So it shouldn’t come as a surprise technology is morphing the relationship between volunteers and nonprofits as well.
The volunteer management of today looks drastically different than that of 30 years ago, and with a volunteer’s time estimated to be worth $23.07 per hour, you can’t afford to waste their efforts.
Here’s a look at the ways innovation has effected volunteering, with tips for making the most out of contemporary tools for your organization.
How You Connect With Them
Your volunteers, be they current or potential, spend a lot of time on the internet. If they’re like the 64% of Americans who own a smartphone or 52% of online adults who use more than one social media site, online connection is a way of life.
You can still reach your volunteers at organization events or out in the community, but just think about how many more chances you’ll have to engage them when they check Facebook – which 70% of Facebook users say they do once a day and in many cases several times daily.
By engaging your social media followers, you can inform them about your mission, demonstrate the difference you make, and show off the personality that makes your nonprofit unique. You’ll stay top-of-mind with continuous posts, unlike the one-shot meeting in person. It’s also a great place to highlight the volunteers who power your group, and inspire others to do the same.
The viral nature of social media can work to your advantage when you’re trying to recruit volunteers. A well-crafted, specific appeal (with a powerful image and text, and link for more information) could spread like wildfire beyond your existing followers to an entirely new audience, bringing you visibility and support.
Email communication is also a piece of the engagement puzzle, as a means of updating and asking for help. Use it, but don’t abuse it (i.e. send too many emails, not have your messages optimized for viewing on mobile devices) to reach your supporters.
In addition to these methods, programs like VolunteerMatch connect people who want to volunteer with causes and projects that fit for them. Users can sort the more than 94,000 opportunities by region, cause area, and age group, as well as give their time to virtual projects that can be completed from anywhere.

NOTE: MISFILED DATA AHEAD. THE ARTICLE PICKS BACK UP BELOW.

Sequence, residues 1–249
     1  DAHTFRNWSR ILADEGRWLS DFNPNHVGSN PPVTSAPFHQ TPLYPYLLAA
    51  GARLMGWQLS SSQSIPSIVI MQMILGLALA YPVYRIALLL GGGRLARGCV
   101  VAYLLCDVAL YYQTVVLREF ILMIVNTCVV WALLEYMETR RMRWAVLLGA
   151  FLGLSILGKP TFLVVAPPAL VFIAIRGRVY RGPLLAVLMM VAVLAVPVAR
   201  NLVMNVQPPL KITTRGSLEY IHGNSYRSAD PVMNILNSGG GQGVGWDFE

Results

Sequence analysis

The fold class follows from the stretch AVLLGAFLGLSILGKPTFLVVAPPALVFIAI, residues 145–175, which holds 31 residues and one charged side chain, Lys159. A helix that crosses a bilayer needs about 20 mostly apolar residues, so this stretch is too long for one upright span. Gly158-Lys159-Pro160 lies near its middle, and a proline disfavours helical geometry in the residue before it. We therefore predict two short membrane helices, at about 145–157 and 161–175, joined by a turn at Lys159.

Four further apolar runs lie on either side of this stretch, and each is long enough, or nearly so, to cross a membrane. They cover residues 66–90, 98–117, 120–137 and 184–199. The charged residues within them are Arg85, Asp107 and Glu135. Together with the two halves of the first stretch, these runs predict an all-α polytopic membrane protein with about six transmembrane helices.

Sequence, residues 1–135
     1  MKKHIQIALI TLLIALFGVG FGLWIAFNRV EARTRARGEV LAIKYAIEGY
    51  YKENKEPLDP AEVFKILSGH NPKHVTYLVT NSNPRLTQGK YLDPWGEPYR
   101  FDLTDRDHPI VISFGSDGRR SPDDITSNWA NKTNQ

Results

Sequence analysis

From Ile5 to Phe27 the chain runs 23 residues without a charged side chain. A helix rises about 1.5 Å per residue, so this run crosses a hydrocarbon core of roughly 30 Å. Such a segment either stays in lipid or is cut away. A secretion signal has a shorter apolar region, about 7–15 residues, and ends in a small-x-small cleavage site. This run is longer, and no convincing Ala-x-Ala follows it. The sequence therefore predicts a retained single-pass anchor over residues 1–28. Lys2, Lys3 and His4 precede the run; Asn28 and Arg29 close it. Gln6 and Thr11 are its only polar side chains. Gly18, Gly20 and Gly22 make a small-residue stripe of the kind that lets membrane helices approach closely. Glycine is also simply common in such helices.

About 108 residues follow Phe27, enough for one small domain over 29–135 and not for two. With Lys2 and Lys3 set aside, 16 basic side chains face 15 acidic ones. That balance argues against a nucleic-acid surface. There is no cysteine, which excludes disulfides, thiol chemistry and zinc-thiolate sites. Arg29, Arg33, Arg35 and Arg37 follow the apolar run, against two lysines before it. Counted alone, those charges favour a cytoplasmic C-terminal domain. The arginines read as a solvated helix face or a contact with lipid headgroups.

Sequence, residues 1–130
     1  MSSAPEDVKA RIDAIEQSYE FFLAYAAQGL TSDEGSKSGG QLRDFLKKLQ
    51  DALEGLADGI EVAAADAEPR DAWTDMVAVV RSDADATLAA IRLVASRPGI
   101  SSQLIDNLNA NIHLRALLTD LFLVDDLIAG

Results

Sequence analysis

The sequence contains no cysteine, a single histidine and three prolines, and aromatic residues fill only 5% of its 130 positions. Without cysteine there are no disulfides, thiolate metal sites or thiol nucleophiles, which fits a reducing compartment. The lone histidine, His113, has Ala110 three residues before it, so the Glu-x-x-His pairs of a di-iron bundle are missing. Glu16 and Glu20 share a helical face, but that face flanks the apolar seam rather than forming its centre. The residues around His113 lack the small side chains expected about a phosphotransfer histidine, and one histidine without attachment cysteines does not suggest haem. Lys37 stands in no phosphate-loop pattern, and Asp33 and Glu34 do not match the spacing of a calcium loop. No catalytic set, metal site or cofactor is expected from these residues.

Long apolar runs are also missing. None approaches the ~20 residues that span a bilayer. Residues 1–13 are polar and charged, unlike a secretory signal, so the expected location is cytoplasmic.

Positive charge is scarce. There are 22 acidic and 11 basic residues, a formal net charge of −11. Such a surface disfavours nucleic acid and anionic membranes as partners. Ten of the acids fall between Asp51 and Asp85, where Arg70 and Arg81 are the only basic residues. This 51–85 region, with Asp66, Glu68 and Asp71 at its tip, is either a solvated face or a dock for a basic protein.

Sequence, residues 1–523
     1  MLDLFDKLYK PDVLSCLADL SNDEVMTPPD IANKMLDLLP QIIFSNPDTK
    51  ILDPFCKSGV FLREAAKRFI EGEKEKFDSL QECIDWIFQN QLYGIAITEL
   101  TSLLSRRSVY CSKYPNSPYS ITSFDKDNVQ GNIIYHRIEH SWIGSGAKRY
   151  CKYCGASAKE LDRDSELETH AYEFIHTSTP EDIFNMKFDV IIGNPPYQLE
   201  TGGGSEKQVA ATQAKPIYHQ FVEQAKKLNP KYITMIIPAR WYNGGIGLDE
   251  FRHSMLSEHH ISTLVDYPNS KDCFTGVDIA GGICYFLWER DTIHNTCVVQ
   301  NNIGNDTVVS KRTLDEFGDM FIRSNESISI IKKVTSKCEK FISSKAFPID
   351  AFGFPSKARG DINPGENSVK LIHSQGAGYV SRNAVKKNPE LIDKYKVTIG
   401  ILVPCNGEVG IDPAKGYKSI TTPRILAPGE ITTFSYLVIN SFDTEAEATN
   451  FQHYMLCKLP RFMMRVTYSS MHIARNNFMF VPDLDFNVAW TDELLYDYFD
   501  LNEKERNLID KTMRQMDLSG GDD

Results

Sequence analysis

How You Can Use Their Help
Technology makes it so that your supporters don’t need to drop by your office or field project to make a difference. Virtual volunteering is more than alliterative fun – it can accomplish a lot for your nonprofit.
Look for tasks that can be done no matter the location, like proofreading or making follow-up phone calls, and assign those to your team to do from their couch or the coffee shop.
That might mean you need to shift your thinking about volunteers, suggests Lynne Filderman, America’s Charities’ vice president and chief marketing officer, in this Catchafire post. She points out volunteers bring skills to your table – such as marketing, budget analysis, or strategic planning – and it’s worth putting them to work. You might need someone to look over your strategic plan more than you need someone to paint a fence.
Millennials, for a broad example – 94% of whom said they enjoyed skills-based volunteering in the 2014 Millennial Impact Report – are likely to be adept at social media. You could use them to schedule tweets or Facebook posts, while keeping in mind that volunteers aren’t employees immersed in your mission and organizational voice, and it’s wise to check messages before they go live.
How You Manage Them
Volunteer management software allows you build your community of volunteers, virtual or fleshly, communicate with them, and schedule their projects. In addition to its standard features, management software’s ability to create volunteer profiles can give you valuable insight into the types of people (age, skills, background) who are drawn to volunteer with your organization.
There are also tons of other tools out there, many of them free, to help you find, manage, and retain your volunteers. Here’s a comprehensive list of the best volunteer management tools to help you out, from recruiting platforms to resource libraries.
For when you want to manage your faraway helpers, tools like Google calendar, Facebook groups, and Dropbox allow you to plan, discuss, schedule, and share files. Video chat is also a great way to “meet” your volunteers and conference on projects.
How We Talk About Volunteering and Volunteer Management
Nonprofit professionals regularly come together in a virtual community on Twitter to share information and insights. Check out this Storify recap of the conversation in a recent Twitter chat, hosted by Social Media for Nonprofits, on activating volunteers through social media – it’s full of helpful ideas.
How has technology changed your relationship with volunteers? What things do you do to make volunteer management easier for your nonprofit? Start a conversation in the comments below.